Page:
Once a user comes into the facility, the idea is to have a choice of what they want to do or need to do on that day. "I call it shopping for activities," Springs said.
Other examples of suitable partners for fitness and recreation include sports performance/training venues, an event/convention center, commercial enterprises (such as a spa, restaurant, retail shop or gymnastics academy), educational ventures (supporting curricula for preschools or even higher education by providing physical education facilities), amusement, entertainment spaces (a performing arts theater, art gallery or library), or a nonprofit entity dedicated to specialized recreational programming (a Y or a Boys & Girls Club, for example). Another idea is to use a part of the center as affinity group headquarters for everything from cyclists, runners, walkers and climbers to book clubs, sewing circles, cooking classes, art classes and dance groups. Some new recreation centers, Springs said, even double as municipal administrative offices, with workout rooms that can quickly convert to night council meeting spaces.
Regardless of what makes up such partnerships, they do have to be compatible, flexible and willing to adapt for what promise to be long-term, mutually beneficial relationships, such as you find with senior centers, active aging, libraries and childcare.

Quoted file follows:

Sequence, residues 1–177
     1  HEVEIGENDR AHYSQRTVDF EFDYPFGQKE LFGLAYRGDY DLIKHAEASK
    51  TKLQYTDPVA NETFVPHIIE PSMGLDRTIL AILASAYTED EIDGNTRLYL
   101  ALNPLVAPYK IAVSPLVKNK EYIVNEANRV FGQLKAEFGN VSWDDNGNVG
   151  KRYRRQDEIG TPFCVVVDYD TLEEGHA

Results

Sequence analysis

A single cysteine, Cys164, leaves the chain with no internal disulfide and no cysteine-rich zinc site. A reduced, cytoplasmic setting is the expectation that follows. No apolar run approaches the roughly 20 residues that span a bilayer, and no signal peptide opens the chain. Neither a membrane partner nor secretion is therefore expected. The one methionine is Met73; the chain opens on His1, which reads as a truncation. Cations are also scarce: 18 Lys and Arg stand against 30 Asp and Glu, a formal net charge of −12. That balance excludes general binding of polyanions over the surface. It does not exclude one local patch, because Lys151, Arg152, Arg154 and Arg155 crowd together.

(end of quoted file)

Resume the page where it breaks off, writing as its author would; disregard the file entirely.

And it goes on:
How to Succeed
"I believe that there are just two fundamental keys to successful design of multi-partner buildings, such as healthcare, fitness and higher education, for example," said Hervey R. Lavoie, president, Ohlson, Lavoie Collaborative, of Denver.
The first key, he said, is to avoid the initial preconception that every function needs to be in its own room, surrounded by walls with a locked door labeled with the function's name.
"If there is good reason for diverse functions to coexist under a common roof," Lavoie explained, "there is also good reason to question conventional assumptions about need for doors and walls. This is what we call the 'Open Planning' approach, and it can be contrasted to the 'hallways and rooms' approach to facility design, which invariably delivers a building that can feel more like a traditional junior high school than a center for community recreation."
One example, regulatory and code considerations aside, is when fitness and rehabilitation choose to live side-by-side in a "medical/wellness/fitness center," where the synergy of that coexistence does not thrive under the presence of doors and walls.
The second key, Lavoie said, is for designers to invest in a single enhanced arrival experience for the building and to give this arrival experience meaning, spatial impact, wayfinding cues and visual excitement.
In other words, he emphasized, "'Wow factor' matters. It is also important to understand that a single arrival experience does not mean a single entry."
It often works well to configure several entry options into a single arrival lobby. Each entry can serve a separate user population, and its designated parking field. In this way, each user group enjoys the shared partner investment in an enriched arrival experience and begins their enhanced wayfinding to their intended destination from this common arrival space.